a plurality of interconnected servers, said interconnected servers containing at least one service application that executes a plurality of remote requests;
an object-oriented service data structure resident in said on-line service, said service data structure containing a plurality of request objects that uniquely identify each of said remote requests, each of said request objects containing a plurality of identifiers that identify a remote request type and the origin of said remote request;
a service request layer in communication with said service data structure and said service application, wherein said service request layer uses said identifiers in each of said request objects to direct said service application to execute said remote request and wherein said service request layer combines said identifiers with the results of said remote request to create at least one response message,
wherein said plurality of identifiers contain a first identifier that uniquely identifies a remote request interface, a second identifier that identifies a remote request method, and a third identifier that identifies a remote request instance.
21. The distributed on-line network in claim 20 wherein said service request layer uses said identifiers in said response messages to identify the destination of said response messages.
22. In a remote request system, a method for creating and monitoring remote requests sent to an on-line network, comprising:
creating multiple pending remote requests with an end-user computer;
creating a plurality of identifiers that uniquely identify each of said remote requests, said plurality of identifiers containing a first identifier that uniquely identifies a set of remote requests, a second identifier that uniquely identifies a remote request function and a third identifier that uniquely identifies each instance of said remote request;
storing said plurality of identifiers in a data structure;
combining said first, second and third identifiers to create at least one remote message; and
sending said remote message via said wide area network to an on-line network.
23. The method of claim 22 wherein said step of creating a plurality of identifiers further creates a plurality of objects that store said plurality of identifiers.
24. The method as defined in claim 22 further comprising the step of creating a status data structure for each of said plurality of remote requests.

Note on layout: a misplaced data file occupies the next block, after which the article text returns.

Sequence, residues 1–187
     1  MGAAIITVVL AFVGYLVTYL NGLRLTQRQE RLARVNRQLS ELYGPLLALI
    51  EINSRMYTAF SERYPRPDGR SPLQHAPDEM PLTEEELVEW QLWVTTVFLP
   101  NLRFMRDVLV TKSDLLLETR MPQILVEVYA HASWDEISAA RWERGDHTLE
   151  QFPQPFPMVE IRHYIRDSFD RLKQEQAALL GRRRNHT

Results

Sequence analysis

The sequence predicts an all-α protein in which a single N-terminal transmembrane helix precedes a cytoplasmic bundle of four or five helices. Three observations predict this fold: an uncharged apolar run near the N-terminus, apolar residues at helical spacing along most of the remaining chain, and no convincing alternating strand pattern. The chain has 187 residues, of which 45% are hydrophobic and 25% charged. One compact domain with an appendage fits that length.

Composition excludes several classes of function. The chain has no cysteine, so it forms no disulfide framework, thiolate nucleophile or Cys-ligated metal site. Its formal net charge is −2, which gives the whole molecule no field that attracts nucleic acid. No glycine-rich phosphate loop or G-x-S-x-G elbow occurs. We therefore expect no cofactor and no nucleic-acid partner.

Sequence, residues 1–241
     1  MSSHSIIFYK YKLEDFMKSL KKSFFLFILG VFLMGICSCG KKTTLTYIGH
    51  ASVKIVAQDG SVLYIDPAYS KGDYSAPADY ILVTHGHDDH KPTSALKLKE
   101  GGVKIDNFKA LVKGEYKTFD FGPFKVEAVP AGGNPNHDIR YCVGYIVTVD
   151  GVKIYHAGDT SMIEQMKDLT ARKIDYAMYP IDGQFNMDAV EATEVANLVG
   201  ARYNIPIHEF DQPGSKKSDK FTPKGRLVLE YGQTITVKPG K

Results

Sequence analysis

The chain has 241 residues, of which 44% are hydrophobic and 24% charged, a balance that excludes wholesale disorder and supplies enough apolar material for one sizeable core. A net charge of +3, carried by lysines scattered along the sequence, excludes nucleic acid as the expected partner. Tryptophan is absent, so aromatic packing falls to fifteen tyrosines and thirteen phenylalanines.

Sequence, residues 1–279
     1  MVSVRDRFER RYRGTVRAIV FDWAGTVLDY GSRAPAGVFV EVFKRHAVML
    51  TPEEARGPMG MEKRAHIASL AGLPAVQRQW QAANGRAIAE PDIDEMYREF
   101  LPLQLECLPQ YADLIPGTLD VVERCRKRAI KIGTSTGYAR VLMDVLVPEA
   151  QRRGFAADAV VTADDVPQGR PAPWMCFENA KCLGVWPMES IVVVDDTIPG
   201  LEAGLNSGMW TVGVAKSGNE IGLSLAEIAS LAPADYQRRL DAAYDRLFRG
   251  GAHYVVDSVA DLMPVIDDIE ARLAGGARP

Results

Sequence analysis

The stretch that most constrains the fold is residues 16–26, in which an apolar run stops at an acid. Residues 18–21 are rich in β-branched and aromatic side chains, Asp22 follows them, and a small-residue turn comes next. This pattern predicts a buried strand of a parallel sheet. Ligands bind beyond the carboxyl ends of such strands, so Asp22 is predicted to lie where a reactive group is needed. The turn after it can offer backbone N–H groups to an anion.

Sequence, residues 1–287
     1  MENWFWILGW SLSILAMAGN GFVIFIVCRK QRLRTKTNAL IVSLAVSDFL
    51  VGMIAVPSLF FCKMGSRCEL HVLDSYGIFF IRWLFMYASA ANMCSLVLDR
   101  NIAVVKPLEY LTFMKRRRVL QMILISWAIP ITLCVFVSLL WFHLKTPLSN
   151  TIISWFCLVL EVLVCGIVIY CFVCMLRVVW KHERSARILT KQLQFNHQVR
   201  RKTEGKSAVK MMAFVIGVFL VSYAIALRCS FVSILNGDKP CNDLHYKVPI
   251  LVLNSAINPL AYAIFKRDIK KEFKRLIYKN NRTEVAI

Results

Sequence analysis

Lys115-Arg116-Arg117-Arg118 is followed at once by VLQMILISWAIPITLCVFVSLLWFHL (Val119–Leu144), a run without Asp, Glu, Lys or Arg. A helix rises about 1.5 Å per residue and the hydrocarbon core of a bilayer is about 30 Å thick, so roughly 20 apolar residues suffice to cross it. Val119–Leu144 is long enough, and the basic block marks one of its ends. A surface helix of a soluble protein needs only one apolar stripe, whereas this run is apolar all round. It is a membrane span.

25. The method as defined in claim 24 further comprising the step of updating said status data structure when said remote messages are sent to said on-line network.
26. The method as defined in claim 24 further comprising the step of updating said status data structure when said remote messages are sent to said on-line network.
27. The method as defined in claim 24 further comprising the step of accessing said status data structure to obtain status information about said remote requests.
28. The method as defined in claim 22 further comprising the steps of:
creating a cancel request that cancels at least one of said remote requests, said cancel request containing a cancel command and said identifiers that uniquely identify at least one remote request; and
sending said cancel request to said on-line network.
29. The method as defined in claim 22 further comprising the step of creating a dynamic object in response to a remote request for a data block of unknown size.
30. The method as defined in claim 29 further comprising the step of expanding said dynamic data structure to hold said data block of unknown size in continuous sections of memory when said end-user computer receives said block of unknown size from said on-line service.
31. The method as defined in claim 30 wherein said step of expanding said dynamic data structure comprises subdividing said dynamic data structure into a plurality of data buffers.